I had already had a chance to rant against evidence-based educational research which leads to replacement individual studies by faceless statistics. It is a sensitive issue for me since I am writing a book based entirely on exceptional individual cases. But today I touch on a similar and earlier development in medical research: indidual cases disappeared from medical literature in 1960-s, being replaced be statistics. And not everyone is happy with that.
I quote David Corfield and Darian Leader (Chapter 2 of ‘Why do people get ill?’):
It was quite shocking after wading through pages and pages of mathematical equations used in statistical calculations, with not one single piece of reported speech from a patient, to come upon Swiss conference proceedings where there wasn’t a single graph, chart or number in sight, just detailed case reports of individual patients. Such major differences in scientific style almost guarantee that the Swiss research would not be taken seriously, if read at all, by an Anglo-American audience. In a recent survey of psychosomatic literature on the popular topic of pain research in the field’s premier journal ‘Psychosomatic Medicine’, it was found that after the publication of many case studies in the 40s, and a handful in the 50s and early 60s, not a single clinical case had been published.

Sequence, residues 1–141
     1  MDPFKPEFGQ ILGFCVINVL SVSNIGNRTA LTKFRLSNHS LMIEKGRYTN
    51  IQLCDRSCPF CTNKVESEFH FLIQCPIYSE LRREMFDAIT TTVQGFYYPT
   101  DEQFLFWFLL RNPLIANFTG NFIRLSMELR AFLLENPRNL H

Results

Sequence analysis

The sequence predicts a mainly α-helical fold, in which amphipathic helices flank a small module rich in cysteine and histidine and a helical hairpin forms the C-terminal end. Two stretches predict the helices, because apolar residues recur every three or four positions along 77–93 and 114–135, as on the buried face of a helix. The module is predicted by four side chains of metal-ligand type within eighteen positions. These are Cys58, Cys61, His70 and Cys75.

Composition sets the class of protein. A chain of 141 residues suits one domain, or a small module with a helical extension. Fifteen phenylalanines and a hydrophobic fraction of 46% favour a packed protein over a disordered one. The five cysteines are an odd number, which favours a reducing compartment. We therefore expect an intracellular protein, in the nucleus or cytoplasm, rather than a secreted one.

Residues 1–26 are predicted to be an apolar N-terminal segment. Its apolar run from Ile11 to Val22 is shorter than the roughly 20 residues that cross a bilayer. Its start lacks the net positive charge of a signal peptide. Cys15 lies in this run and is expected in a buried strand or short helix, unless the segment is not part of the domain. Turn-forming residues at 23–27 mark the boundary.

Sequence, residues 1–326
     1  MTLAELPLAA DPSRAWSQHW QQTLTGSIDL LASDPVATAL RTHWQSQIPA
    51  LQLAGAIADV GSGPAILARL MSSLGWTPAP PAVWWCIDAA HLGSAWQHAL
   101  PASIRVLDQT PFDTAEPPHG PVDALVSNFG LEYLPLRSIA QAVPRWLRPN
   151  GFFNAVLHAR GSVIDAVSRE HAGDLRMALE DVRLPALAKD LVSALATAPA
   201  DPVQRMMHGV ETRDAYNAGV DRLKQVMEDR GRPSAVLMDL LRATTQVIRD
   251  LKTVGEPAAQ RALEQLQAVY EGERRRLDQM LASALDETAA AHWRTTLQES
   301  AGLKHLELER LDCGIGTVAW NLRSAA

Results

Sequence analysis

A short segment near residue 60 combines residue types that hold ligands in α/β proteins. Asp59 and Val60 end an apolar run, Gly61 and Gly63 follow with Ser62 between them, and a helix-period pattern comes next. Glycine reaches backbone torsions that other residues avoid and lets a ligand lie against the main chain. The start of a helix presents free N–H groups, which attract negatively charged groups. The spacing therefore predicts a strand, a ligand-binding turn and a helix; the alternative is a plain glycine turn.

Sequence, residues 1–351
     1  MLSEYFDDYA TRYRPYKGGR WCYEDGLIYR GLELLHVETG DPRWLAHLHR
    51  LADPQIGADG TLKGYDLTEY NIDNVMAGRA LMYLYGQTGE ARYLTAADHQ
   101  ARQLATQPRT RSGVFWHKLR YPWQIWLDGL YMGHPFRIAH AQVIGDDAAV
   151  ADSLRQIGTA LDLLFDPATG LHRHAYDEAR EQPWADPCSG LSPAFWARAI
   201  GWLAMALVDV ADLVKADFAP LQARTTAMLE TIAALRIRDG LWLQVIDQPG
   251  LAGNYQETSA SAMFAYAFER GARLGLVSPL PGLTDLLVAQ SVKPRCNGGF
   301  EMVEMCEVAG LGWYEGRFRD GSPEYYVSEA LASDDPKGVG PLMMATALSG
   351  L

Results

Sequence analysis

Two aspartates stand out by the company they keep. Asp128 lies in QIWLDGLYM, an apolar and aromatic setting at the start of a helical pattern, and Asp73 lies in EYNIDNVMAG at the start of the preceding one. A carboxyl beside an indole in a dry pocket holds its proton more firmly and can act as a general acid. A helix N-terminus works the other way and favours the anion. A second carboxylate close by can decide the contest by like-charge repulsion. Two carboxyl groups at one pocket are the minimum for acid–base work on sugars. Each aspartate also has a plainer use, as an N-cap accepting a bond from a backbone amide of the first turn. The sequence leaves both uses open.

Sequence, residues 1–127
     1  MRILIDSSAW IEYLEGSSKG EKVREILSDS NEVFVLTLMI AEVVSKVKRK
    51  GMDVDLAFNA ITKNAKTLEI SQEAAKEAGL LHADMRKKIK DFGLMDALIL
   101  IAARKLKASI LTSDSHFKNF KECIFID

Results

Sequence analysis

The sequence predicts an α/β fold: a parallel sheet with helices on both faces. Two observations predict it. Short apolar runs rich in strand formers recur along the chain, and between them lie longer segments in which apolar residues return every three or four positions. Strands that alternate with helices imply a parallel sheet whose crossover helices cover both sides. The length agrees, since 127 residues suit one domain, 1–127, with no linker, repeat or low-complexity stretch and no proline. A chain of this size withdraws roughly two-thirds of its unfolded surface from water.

In most Anglo-American contexts, it is the production of statistics that matters more than the individual patient and the listening process. In a recent cardiology study, we can read that “One patient (0.7%) developed somatic contraindications for a heart transplantation”, but apart from knowing that they were 0.7%, we learn nothing more. Not who the patient was, not what they said, nor what the somatic contraindications were. It reminds us of the ironic comment made by a doctor in the mid-50s : “The patient recovered and lived to be a statistic in a published report”. The philosopher Henri Bergson once said that it is unlikely that anyone analysing thousands of buckets of water from the ocean will ever learn very much about the tides.